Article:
Would you want to know what the future has in store ? Image Credit: CC BY-SA 4.0 Nogas1974
Scientists in Edinburgh have developed a DNA risk score system to predict how long a person might live.
The research, which was carried out at Edinburgh University's Usher Institute, involved an analysis of 500,000 DNA samples from people of European ancestry in Europe, the UK and the United States.
While most people were found to have roughly the same life expectancy, the top and bottom ten percent of the population can expect to live for five more (or fewer) years based on DNA alone.
"The way statistics work, you have a clearer lens the more people you have in the sample," said Dr Peter Joshi. "This time we showed that a gene that affects which blood type you are - A or B or O - affects how long you live. Another gene, insulin-like growth factor, appears to affect how you age."
"But the overall shape of our findings are that the main way that genetics seems to affect how long you live is through susceptibility to heart disease. If you're carrying variants that protect you from heart disease, they seem to be the things that make the biggest difference."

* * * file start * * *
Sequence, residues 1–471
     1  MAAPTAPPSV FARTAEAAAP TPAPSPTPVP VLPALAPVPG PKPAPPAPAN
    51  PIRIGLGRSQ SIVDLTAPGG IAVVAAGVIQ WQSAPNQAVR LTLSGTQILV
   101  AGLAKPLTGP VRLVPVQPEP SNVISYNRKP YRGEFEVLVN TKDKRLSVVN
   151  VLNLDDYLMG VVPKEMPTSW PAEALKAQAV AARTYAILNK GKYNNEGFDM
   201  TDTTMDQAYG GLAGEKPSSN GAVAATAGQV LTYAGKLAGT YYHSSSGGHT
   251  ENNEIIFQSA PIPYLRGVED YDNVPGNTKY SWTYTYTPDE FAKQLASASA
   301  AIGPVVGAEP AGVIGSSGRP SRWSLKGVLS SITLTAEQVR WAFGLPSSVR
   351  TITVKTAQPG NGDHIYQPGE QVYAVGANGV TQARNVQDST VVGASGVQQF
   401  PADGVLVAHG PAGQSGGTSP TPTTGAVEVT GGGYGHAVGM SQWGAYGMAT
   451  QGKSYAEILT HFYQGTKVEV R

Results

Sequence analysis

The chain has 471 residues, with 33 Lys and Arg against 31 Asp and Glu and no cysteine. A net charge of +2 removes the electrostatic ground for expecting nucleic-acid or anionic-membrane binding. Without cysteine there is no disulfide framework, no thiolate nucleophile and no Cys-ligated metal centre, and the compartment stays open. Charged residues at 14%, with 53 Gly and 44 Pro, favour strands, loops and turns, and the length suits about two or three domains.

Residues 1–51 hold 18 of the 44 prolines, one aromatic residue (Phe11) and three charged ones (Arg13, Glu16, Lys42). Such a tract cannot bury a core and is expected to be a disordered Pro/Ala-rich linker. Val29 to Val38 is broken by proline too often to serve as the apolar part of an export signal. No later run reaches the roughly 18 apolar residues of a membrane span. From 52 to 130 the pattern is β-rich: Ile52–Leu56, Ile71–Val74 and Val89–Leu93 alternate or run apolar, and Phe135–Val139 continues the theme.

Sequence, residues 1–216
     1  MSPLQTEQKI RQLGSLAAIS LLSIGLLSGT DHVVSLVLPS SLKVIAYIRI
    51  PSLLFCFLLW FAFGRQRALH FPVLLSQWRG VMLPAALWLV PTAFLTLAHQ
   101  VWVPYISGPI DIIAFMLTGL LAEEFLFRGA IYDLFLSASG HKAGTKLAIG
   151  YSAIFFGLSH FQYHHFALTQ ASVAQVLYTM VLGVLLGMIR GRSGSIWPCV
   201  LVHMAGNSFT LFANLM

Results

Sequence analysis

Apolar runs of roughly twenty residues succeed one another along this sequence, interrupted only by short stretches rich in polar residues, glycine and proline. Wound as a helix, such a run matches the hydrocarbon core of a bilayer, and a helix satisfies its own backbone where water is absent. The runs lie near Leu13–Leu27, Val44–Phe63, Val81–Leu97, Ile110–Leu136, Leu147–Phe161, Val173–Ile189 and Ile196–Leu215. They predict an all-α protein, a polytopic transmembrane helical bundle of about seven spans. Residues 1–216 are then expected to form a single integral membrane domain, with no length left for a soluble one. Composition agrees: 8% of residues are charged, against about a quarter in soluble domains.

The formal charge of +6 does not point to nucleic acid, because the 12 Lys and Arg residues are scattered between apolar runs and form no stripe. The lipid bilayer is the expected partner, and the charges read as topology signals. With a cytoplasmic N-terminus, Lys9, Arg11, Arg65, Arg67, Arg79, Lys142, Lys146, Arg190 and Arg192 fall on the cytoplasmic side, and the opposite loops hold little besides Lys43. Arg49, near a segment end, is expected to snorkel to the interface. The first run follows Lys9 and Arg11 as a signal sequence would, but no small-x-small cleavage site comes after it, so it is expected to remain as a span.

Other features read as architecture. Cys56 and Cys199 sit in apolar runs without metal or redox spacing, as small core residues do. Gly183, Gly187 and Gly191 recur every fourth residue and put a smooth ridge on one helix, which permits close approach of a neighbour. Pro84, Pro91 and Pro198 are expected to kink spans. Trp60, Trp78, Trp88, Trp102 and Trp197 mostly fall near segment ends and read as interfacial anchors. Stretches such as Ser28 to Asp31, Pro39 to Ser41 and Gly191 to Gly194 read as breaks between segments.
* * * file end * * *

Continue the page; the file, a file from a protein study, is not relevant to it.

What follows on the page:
While it is still early days yet, studies such as this could one day make it possible to more accurately determine a person's genetic susceptibility to certain conditions to the point where preventative action could be taken - potentially saving thousands of lives.
In some cases however, such as in predicting a person's susceptibility to an incurable degenerative disease, it becomes unclear as to whether such knowledge would be beneficial or detrimental.
"So you're giving yourself a piece of information that you might argue is just a fact, but it's a fact that might worry you and that worry is not likely to be very productive in that there's not much you can do about it," said Dr Joshi.
Source: Herald Scotland | Comments (6)
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